Image: Tehran 1993: An Iranian woman stands in front of a mural depicting Khomeini. (Armineh Johannes/Sygma/Corbis)
The following transcript provided by The Israel Project’s Omri Ceren from yesterday’s exchange between State Department Spokesman John Kirby, Fox News’ James Rosen and AP’s Brad Klapper says it all about the Obama administration’s deceitfulness re #Iransom:
KLAPPER: Beyond saying there’s no ransom, you’ve said several times, a lot of people from different podiums in this government, have said there was no quid pro quo. What you just described is by definition a quid pro quo, is it not?
KLAPPER: How is it not? You said they would not get the money until they were released. Quid, quo.
KIRBY: Thank you for the Latin expert. The Latin lesson, the Latin lesson.
KLAPPER: I mean, what am I missing in a quid pro quo that you have just outlined?
KIRBY: Brad, they were gonna get this money anyway, because The Hague Tribunal decided that they were going to get their money back. And-
KLAPPER: No, they hadn’t decided-
KIRBY: There was a negotiation inside The Hague Tribunal that they were going to cover the $400 million principal and then some interest that we negotiated, which saved the taxpayers a lot of money. That process was moving forward and it was moving forward on an independent track. Separately and distinctly we were also in talks with them about getting our Americans back. That was also done by a different team and moving forward. These two tracks came together in a very finite period of time. And it would have been- given the fact that Iran hadn’t proved completely trustworthy in the past, it would have been irresponsible for us to not, since we- since we knew this payment was coming and coming soon, to not hold it up until we made sure we had our Americans out.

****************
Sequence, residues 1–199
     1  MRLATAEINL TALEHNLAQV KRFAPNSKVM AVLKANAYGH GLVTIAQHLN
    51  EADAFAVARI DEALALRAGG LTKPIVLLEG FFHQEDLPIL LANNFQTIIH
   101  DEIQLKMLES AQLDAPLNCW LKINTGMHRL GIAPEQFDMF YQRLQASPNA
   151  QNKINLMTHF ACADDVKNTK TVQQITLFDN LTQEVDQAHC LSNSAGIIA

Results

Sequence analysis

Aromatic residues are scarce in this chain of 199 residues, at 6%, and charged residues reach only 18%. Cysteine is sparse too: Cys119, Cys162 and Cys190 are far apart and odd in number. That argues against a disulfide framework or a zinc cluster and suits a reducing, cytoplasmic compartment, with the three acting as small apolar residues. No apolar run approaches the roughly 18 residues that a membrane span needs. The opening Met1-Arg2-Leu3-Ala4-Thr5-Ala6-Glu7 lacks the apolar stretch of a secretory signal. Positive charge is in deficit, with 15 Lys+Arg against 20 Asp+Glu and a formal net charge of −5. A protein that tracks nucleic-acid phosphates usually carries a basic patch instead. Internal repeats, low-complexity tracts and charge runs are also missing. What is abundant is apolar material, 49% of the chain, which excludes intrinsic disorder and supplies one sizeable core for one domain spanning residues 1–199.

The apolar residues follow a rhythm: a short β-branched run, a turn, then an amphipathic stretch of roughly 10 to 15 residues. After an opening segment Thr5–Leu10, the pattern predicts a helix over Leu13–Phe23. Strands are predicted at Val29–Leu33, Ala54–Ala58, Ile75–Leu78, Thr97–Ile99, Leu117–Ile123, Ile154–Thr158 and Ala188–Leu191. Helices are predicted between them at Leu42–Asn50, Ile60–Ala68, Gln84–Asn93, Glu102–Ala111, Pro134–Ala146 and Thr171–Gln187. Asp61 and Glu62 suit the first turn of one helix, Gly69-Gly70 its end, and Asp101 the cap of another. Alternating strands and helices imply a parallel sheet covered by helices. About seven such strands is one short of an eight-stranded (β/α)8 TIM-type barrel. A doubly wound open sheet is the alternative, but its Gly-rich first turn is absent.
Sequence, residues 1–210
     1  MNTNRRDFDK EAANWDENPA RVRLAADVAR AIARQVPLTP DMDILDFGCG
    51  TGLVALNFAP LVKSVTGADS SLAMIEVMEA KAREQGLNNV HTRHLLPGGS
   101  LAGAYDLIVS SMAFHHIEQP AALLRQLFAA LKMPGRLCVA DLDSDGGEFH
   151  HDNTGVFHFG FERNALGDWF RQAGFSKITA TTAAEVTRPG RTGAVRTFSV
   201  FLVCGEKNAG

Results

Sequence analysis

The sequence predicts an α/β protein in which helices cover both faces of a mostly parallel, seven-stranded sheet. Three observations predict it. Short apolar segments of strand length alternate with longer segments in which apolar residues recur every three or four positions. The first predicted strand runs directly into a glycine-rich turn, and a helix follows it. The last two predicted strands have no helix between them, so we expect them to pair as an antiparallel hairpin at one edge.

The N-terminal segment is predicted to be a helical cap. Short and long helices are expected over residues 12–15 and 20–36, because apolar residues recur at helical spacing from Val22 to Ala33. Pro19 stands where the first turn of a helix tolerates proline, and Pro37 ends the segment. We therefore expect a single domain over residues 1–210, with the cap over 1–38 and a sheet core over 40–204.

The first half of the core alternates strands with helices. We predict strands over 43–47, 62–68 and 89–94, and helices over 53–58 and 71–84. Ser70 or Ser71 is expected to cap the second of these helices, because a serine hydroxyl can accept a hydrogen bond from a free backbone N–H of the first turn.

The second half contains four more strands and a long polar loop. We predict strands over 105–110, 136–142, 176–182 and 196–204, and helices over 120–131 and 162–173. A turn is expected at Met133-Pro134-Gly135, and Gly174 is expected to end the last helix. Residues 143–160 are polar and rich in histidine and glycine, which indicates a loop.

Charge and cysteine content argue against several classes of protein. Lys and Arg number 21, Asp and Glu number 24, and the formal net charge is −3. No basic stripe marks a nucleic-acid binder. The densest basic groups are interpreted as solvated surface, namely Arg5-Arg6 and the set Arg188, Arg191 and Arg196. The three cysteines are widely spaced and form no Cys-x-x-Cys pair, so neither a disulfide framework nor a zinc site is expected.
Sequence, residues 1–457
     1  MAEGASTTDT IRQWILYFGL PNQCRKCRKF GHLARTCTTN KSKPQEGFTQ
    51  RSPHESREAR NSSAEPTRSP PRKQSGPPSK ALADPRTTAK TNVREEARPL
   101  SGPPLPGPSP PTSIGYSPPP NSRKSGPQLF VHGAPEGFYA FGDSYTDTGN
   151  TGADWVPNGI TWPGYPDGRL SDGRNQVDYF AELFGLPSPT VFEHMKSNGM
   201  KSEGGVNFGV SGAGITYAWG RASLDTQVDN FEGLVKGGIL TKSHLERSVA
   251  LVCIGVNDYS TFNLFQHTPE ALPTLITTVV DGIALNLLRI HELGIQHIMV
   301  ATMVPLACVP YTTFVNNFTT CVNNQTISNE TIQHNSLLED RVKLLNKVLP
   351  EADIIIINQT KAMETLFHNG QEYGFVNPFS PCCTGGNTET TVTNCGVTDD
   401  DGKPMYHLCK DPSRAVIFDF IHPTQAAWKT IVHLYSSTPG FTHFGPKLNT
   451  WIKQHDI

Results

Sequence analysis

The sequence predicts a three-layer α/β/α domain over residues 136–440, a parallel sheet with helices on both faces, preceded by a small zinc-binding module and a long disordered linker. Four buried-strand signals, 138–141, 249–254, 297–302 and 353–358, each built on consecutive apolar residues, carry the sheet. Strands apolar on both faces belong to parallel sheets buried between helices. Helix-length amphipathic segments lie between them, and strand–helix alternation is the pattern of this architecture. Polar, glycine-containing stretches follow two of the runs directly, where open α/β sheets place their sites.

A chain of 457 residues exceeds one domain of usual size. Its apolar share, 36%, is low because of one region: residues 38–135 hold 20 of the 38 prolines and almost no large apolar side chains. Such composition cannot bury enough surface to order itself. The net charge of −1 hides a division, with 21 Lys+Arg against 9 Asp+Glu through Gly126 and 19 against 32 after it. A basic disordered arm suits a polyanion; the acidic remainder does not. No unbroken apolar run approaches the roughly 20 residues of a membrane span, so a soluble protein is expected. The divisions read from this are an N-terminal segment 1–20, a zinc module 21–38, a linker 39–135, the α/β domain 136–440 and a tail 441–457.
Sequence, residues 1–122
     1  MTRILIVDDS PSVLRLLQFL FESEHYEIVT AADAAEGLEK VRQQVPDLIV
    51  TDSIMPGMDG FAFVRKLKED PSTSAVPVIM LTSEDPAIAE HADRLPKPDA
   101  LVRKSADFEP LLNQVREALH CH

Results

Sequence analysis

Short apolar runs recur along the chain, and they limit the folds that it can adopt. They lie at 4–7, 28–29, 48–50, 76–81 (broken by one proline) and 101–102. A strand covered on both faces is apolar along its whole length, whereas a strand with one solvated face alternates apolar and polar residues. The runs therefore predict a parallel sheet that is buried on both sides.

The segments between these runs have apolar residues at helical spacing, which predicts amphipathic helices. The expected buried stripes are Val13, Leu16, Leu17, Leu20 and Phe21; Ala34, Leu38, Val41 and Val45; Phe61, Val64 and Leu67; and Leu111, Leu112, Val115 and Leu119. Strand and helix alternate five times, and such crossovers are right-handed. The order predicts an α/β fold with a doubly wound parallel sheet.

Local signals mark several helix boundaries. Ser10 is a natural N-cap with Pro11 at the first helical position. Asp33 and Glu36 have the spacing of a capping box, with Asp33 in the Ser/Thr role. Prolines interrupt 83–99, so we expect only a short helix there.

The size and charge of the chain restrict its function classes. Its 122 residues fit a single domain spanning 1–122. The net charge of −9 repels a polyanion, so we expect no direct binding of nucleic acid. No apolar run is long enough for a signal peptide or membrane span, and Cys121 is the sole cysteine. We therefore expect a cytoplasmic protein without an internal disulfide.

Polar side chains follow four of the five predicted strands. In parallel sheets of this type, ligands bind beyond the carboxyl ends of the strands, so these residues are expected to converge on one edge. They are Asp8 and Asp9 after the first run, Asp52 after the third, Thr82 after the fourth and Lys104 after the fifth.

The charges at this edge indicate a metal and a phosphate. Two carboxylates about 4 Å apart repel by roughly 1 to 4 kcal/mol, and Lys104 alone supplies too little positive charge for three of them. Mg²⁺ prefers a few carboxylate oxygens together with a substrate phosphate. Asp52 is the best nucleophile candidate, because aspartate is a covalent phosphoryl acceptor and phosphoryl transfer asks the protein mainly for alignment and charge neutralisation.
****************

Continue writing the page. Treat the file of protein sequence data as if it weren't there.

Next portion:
KLAPPER: Which is why everyone called it a quid pro quo at the beginning, and you disputed that. So I don’t quite understand how that changes anything. You’re saying it would have been imprudent not to link the payment, the delivery of the money, to the release of the prisoners, but you’re saying the delivery of the money wasn’t a quid pro quo related to the release of the prisoners because there’s a back story.